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Anthropologists contend that the organism-environment connections responsible for human evolution are indirect—mediated by culture. This chapter reviews influential twentieth-century anthropological interpretations of the cultural mediation of human adaptations to environments, arguing that ethnography and other qualitative forms of analysis reveal important phenomena overlooked by quantitative analysts committed to methodological individualism. It highlights work by post-positivist anthropologists, who describe relations among human and non-human organisms, cultural forms, and features of environments as “natural-cultural” networks, an approach reminiscent of developmental systems theory and niche construction. Evolutionary theorists have much to gain by incorporating these sophisticated, contemporary post-positivist anthropological understandings of culture into their models of human-environment connections.


NOTICE: This is the author’s version of a work that was accepted for publication as "New Perspectives on Organism-Environment Interactions in Anthropology," in Entangled Life: Organism and environment in the biological and social sciences, edited by Gillian Barker. Changes resulting from the publishing process, such as editing, corrections, structural formatting, and other quality control mechanisms may not be reflected in this document. Changes may have been made to this work since it was submitted for publication. A definitive version was subsequently published as:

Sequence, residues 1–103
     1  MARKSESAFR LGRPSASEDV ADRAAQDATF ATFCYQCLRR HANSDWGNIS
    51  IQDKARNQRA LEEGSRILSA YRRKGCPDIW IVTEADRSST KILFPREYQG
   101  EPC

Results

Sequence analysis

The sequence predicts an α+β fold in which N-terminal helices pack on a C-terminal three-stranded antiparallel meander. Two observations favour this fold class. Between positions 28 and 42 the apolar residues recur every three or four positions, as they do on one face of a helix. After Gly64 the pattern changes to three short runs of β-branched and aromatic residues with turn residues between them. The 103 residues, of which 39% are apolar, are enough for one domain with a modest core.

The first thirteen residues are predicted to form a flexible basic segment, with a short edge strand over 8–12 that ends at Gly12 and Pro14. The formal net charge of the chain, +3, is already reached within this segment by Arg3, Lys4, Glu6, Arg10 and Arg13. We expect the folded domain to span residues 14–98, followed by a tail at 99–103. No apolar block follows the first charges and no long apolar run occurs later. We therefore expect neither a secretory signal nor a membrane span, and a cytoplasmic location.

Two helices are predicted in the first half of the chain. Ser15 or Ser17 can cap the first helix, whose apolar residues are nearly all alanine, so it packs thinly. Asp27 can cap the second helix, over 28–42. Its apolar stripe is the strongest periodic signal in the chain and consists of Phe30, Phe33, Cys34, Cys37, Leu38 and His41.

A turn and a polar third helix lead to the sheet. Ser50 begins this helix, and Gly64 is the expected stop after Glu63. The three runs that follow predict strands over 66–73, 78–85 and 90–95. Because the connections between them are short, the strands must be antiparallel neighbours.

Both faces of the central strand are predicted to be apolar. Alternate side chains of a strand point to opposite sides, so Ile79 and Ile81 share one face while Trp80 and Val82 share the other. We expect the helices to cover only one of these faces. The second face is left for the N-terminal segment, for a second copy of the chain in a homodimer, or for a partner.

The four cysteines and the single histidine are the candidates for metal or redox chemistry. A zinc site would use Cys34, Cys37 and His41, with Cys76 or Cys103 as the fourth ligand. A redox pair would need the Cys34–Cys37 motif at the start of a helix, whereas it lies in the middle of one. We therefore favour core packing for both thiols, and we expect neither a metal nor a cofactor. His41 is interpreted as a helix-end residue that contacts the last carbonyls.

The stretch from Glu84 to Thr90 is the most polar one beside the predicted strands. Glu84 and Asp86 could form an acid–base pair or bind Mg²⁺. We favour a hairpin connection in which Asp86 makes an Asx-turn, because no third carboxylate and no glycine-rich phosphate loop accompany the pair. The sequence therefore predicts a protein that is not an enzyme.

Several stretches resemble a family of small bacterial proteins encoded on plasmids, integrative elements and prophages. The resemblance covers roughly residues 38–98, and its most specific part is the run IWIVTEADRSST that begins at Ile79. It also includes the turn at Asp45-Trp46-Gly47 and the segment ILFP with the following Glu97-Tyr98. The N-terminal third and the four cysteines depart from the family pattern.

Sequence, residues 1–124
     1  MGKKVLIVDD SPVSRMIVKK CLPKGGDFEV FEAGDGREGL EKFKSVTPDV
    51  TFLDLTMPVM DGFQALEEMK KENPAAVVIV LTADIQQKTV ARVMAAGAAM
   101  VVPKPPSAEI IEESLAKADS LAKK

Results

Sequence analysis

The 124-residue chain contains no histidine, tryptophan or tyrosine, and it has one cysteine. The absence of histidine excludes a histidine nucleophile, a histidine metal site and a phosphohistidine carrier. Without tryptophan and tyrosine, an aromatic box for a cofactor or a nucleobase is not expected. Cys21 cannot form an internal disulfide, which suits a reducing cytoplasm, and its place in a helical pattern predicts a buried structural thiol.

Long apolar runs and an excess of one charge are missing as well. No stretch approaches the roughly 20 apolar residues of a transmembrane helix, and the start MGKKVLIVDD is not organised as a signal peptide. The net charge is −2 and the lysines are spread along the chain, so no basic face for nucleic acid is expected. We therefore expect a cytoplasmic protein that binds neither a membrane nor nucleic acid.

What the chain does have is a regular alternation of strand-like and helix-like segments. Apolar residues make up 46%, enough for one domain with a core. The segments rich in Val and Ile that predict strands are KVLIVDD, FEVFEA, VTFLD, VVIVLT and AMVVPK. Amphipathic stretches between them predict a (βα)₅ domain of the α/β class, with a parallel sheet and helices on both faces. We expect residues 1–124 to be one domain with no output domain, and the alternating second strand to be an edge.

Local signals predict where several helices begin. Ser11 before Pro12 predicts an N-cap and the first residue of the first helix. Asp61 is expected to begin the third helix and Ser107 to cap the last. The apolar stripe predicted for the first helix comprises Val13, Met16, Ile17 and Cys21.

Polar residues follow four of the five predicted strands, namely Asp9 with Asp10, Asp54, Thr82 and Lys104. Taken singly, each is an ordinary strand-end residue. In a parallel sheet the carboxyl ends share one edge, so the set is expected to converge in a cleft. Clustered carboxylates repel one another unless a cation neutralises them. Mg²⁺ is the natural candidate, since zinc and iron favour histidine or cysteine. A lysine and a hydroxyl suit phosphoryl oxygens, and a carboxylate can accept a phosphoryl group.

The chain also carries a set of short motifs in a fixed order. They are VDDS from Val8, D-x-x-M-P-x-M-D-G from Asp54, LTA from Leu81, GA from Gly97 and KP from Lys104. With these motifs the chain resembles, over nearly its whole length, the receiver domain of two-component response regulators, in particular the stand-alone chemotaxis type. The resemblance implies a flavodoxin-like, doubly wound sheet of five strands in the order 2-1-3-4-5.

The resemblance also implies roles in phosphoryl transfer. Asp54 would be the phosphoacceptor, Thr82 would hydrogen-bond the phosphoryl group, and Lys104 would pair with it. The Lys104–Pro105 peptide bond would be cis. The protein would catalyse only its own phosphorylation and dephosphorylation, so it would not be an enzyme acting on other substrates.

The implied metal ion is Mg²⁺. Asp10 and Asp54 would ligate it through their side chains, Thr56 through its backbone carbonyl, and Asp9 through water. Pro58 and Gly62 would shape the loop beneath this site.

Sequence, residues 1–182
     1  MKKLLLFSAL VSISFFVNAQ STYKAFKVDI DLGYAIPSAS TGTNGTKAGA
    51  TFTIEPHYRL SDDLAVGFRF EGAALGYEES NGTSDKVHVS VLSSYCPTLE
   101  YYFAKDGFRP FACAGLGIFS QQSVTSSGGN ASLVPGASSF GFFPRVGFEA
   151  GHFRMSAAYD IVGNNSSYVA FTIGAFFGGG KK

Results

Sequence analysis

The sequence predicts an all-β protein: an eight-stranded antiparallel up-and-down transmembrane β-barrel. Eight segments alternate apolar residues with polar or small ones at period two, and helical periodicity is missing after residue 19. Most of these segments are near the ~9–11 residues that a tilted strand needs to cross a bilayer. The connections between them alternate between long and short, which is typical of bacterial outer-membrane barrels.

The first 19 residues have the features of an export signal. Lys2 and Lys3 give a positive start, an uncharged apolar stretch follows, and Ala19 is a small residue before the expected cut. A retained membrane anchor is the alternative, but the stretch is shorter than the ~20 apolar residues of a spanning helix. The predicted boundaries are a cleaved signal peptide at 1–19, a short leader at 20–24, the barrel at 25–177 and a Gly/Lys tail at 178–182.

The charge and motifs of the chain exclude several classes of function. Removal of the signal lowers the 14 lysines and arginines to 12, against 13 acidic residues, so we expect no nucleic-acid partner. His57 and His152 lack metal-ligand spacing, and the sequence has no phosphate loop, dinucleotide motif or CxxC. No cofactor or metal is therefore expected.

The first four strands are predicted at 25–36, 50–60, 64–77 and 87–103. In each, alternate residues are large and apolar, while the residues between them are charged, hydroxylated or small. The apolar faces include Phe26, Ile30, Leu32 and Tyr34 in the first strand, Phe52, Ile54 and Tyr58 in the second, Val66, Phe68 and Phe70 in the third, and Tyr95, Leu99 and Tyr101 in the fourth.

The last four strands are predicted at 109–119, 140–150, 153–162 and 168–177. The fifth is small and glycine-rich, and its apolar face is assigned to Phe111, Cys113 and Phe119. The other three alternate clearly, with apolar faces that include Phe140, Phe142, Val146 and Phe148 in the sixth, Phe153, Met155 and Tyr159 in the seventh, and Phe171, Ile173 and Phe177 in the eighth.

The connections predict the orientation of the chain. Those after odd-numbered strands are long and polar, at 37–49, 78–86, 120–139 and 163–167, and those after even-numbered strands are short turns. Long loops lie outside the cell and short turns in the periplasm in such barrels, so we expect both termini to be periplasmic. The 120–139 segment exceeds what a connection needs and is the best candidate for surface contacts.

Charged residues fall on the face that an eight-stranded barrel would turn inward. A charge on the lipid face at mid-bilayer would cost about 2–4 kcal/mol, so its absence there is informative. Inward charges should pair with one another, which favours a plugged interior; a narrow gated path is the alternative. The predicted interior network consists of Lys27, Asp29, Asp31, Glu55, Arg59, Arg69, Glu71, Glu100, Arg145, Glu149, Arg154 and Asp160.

Schultz, Emily (2013) "New perspectives on organism-environment interactions in anthropology." In G. Barker, et al. (eds), Entangled Life: Organism and environment in the biological and social sciences. Dordrecht: Springer Science+Business Media, 2013. Pp. 79-102. DOI: 10.1007/978-94-007-7067-6_5

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